Selective Outrage Review: Gone in 60 Minutes, An Hour You Will Never Get Back

By The Kenyan Bar Guy

Published on 08/03/2023

Nothing beats the start of a comedy show than the heavy knock of a hip-hop tune for the intro. It sets you in the mood. It’s like wrestlers walking into a ring, the music kind of gives you an idea of what to expect when they break apart the three ropes and enter the arena. With comedy, it is the same.

With Rock’s show, he had you feeling that he was not there to play games. He was ready to hit hard without pulling any punches. He walked out onto the stage with Rick Ross bellowing out in the background escorting his bouncy gait, to the cheers and applause from the crowd adorning all white with a mean mug plastered on his face to boot. At that moment you just want to pour a glass of Henny, light a blunt, and zone out into the melee that is about to transpire. But assumption has its own disappointments.

Chris Rock’s voice is recognizable. It has a presence. His unique raspy tenor that comes from the depths of a strangled Adam’s apple is hard to miss. So, when he says “What’s up Baltimore ” the crowd once again goes into cheers as he paces up and down the stage claiming his domain. Marking his territory. A predator on the hunt for laughs with the instinct to leave no man standing. With no Henny, no blunts, I just fell back into my chair and waited for the animal on stage to attack. This is it! My inside voice unknowingly mimics Chris Rock as it shouts: “It’s go time!”

I love the energy of the audience, but what I love even more is the celebrity status American comedians have been able to achieve. They have perfected the art of showmanship from Kevin Hart, Sommore, Dave Chappelle, Tiffany Haddish, and the like. Also, is there a reason most black comedians are so loud? Is it like a prerequisite to comedy superstardom?? Anyway, that is beside the point. The audience is definitely geared up for a fantastic 68 minutes and if they were anything like me, then definitely they had deposited large amounts of non-refundable laugh tokens just waiting for the right moment to spend them. After all, it is Chris Rock.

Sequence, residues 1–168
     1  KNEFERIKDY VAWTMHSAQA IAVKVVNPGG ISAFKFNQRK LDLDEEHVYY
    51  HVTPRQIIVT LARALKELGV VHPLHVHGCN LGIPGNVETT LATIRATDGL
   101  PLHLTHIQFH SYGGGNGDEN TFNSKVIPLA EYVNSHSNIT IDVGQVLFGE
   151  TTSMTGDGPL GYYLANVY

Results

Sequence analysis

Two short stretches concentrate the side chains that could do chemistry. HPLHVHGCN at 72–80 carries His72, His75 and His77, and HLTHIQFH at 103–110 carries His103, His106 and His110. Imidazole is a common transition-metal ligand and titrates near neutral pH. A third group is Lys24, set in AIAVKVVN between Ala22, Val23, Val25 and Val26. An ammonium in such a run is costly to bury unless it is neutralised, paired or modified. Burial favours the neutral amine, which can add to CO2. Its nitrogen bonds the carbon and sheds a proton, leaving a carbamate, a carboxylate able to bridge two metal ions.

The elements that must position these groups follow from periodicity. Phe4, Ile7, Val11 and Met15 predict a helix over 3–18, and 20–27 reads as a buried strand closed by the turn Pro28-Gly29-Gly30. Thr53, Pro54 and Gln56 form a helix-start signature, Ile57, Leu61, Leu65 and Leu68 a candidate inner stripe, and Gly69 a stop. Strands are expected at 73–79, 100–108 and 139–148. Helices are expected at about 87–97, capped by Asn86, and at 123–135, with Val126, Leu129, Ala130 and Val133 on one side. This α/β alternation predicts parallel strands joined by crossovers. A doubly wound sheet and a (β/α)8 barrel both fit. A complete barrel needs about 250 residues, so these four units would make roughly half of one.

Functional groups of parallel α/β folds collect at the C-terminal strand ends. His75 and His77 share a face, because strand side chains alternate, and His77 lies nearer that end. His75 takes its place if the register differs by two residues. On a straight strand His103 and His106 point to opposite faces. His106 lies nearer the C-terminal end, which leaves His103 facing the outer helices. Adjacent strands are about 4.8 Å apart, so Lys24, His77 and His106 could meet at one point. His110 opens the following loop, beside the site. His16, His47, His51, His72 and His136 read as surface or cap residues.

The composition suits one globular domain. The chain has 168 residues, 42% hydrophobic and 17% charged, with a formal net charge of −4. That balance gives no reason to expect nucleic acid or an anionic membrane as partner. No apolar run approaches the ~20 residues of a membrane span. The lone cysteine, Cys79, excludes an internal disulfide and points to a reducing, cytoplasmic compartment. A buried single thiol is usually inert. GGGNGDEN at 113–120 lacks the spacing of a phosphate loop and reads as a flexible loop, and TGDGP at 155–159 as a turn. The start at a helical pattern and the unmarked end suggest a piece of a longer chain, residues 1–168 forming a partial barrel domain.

Like any celebrity comedian, Chris Rock starts off by peacocking on stage, he has to let the crowd know that it is a Netflix special and the first one to be streamed live. It is one helluva achievement and true to his affinity to hip hop a little braggadocio is not such a bad thing. In fact, in these circles, it is more than welcome. If you got it, you show it. He then goes ahead and emphasizes to the crowd that he would try. He says it a lot. Maybe it’s a delivery technique. But he keeps repeating that he will try to do his best in the show not to offend anybody. In my experience watching stand-up comedy shows, this is the version of  “no offense” that comes just before an offense is intended. Things were looking up.

Chris Rock gets into his element and kicks off the first joke. He casually talks about the American cancel culture using this to subtly introduce the incident between him and Smith during the previous Oscar awards – the anticipation in the crowd is building up because let’s face it the only reason anyone was there and the reason, I was even watching it was because of this. But just as quickly as he made the reference in a dodgy way he quickly transitioned into a different joke on selective outrage where he pits Michael Jackson’s fans against R. Kelly’s fans. The joke did make the crowd laugh albeit it was a few years too late but the fact that he was talking about famous artists with sketchy backgrounds had some semblance of relevance and of course, it kept building up anticipation. But then he just took a totally different trajectory and if the audience was anything like me, hopes were dashed. Next, he took a dig at the woke social media era and businesses that embrace it.